Madrid, 10 December 2014 – The Spanish access to information law entered into force at the central government level on 10 December 2014, but it’s proving near impossible for the public to make requests.
Rather than a cause for celebration, it’s been a bit of an anti-climax for the team that founded Access Info Europe, which is headquartered in Spain in part out of the goal of promoting a transparency law in the only country with over a million inhabitants in the European Union and wider European region not to have one.
The biggest disappointment for the Access Info Europe team is that during the first day of having this law in force, not one of the team had been able to submit a request due to the complicated system of registering with the transparency portal and obtaining an electronic identification code.
Calls to the government help line recommended that we visit an office of the tax authorities to obtain an electronic ID number. The government during the afternoon of 10 December publicly recognised that people were finding it hard to register with the “clave electronica” electronic key system.
Meanwhile, those from other EU countries are redirected to websites in their countries (in the case of UK citizens, rather bizarrely, to a bank’s website), while the nationals of some EU countries are not given any option, nor are those from outside the EU.
Juanjo Cordero, Helen Darbishire, and Carlos Cordero (left to right in the photo), started monitoring levels of access to information in Spain in 2004, as part of the multi-country study Transparency and Silence carried out with the Open Society Justice Initiative.
That study found levels of administrative silence of 61% in Spain and just 17% of requests. That figure has barely changed over the years with 2013 results showing 57% of silence and just 13% of satisfactory requests.
The question now is whether those numbers will change with the new transparency law.
“The first challenge for the public is not administrative silence but is even more basis: submitting a request!” commented Helen Darbishire, Executive Director of Access Info Europe.
“The second challenge is who to turn to for help: the director of the new Transparency Council has been nominated but not yet the members of the Council, and the body is not up and running and so cannot receive appeals,” Darbishire added.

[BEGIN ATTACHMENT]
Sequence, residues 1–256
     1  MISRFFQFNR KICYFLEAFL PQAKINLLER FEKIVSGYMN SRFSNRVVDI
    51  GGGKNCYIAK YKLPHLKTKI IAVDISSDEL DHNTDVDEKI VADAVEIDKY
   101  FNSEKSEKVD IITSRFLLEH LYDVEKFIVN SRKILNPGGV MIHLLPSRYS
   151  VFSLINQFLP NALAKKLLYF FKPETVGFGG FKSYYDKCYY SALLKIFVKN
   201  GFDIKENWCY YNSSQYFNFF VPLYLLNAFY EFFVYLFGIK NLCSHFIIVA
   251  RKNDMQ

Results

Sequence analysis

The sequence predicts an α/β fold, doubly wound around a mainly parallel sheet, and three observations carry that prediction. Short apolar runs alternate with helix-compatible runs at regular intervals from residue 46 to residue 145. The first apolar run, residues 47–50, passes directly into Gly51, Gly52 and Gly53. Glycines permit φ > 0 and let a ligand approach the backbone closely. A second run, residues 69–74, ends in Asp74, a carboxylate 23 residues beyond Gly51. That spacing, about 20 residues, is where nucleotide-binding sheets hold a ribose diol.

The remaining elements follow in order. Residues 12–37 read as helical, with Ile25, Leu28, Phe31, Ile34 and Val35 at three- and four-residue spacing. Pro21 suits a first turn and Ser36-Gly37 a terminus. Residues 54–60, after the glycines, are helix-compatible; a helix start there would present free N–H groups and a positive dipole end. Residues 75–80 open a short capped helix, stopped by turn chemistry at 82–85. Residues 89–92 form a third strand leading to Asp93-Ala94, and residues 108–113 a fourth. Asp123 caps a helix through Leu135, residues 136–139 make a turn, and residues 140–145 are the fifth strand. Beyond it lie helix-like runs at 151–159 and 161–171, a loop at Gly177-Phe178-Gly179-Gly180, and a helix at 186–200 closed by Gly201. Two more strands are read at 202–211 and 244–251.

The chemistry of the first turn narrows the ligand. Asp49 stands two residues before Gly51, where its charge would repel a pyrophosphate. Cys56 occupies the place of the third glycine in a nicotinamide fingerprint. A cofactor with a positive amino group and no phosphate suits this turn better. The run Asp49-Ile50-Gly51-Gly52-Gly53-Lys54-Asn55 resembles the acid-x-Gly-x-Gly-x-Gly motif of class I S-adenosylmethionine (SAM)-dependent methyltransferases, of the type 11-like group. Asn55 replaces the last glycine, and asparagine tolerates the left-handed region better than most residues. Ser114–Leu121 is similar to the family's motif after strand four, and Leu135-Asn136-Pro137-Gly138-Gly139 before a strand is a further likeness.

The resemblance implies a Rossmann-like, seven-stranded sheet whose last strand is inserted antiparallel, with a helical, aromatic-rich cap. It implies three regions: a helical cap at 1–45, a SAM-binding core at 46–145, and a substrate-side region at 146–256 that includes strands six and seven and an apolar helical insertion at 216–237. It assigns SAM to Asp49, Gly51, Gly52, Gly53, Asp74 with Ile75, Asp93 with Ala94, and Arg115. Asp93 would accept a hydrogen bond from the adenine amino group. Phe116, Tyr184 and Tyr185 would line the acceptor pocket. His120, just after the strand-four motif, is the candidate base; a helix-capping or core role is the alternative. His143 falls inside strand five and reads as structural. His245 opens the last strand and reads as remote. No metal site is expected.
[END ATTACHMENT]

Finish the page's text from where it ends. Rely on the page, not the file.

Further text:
First Formal Recognition of a Human Right to Information in Spain
In a small ray of hope amidst this gloomy picture, Access Info Europe warmly welcomed a press release issued on 9 December 2014 by Spain’s General Council of the Judiciary, the independent constitutional body which oversees the judicial power, in which it announced that it will not insist on requesters identifying themselves given that “access to information is a fundamental, universal, right” and adding that the government’s transparency obligations override any requirement that might be put on citizens who request information.
“This is the very first time that any official body in Spain has recognised the fundamental nature of the right of access to information,” stated Helen Darbishire, Founder and Director of Access Info Europe.
“It’s particularly significant that this recognition comes from the body which represents judges and other jurists, and we hope that in the future such thinking will be reflected in court decisions over the right of access to information, something which has not been the case thus far,” added Darbishire.
Transparency Portal Cumbersome but Generates News Stories
The transparency portal launched at midday on 10 December is also disappointing with poor organisation of information, a particularly ineffective search function, and much data in PDFs rather than reusable formats.
The government reports having spent €300,000 on the platform, that 80 people have been working on it, and that it contains 50 GB of information.
In spite of this, initial analysis of the content indicates that much information is missing, and that data prior to 2013 or 2014 is often not yet uploaded, making comparative analysis for journalists putting together stories very difficult.
There is also much partial information, for example a list of properties owned by the government but not their value.
In spite of these challenges, journalists have already started generating some interesting stories with information which was previously unavailable in Spain. These include:
» Analysis of the salaries of senior public officials
» List of public officials given permission to go through the revolving door to work in business
» Analysis that pro-governmental foundations and think-tanks receive ten times more public subsidies than those linked to opposition parties
» Evaluation of spending on culture, which shows that support for opera is particular high
For more information, please contact:
Helen Darbishire | Access Info Europe
firstname.lastname@example.org +34 667 685 319
Victoria Anderica | Access Info Europe
email@example.com +34 913 656 558